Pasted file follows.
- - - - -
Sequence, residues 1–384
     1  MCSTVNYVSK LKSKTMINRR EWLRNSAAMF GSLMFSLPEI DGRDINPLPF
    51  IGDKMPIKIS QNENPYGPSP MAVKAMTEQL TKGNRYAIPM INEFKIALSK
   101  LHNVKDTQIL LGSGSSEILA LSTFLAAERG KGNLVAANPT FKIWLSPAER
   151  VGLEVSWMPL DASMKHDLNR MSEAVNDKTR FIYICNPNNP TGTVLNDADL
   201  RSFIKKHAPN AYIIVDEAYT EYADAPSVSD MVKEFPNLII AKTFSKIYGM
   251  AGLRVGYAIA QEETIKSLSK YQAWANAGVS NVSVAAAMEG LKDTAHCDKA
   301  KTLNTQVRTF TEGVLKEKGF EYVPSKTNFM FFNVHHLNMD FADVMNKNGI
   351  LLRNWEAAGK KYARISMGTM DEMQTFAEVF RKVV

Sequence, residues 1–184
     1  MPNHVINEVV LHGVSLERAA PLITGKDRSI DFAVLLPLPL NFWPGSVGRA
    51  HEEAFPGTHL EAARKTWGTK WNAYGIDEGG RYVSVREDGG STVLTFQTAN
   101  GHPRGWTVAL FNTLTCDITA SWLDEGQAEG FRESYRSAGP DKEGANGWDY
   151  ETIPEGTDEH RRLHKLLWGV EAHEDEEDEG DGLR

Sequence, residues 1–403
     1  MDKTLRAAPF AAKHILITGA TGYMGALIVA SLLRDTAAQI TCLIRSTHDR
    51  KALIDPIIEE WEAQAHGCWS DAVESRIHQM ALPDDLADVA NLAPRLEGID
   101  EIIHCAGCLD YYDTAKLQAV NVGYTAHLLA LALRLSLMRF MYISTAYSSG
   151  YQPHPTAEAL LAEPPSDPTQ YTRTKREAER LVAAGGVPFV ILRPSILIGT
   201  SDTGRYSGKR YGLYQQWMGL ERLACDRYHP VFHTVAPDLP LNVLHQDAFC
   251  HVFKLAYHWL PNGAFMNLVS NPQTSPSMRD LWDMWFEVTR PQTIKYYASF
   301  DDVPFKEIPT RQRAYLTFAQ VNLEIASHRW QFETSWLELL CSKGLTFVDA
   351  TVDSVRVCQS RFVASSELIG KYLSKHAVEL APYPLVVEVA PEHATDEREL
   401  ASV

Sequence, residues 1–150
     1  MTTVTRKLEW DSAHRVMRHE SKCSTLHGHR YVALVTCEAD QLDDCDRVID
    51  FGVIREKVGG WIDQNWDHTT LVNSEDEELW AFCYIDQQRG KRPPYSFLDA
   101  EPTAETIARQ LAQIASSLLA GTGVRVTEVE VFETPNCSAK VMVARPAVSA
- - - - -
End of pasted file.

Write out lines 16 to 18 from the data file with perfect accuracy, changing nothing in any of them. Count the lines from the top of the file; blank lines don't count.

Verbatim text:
     1  MDKTLRAAPF AAKHILITGA TGYMGALIVA SLLRDTAAQI TCLIRSTHDR
    51  KALIDPIIEE WEAQAHGCWS DAVESRIHQM ALPDDLADVA NLAPRLEGID
   101  EIIHCAGCLD YYDTAKLQAV NVGYTAHLLA LALRLSLMRF MYISTAYSSG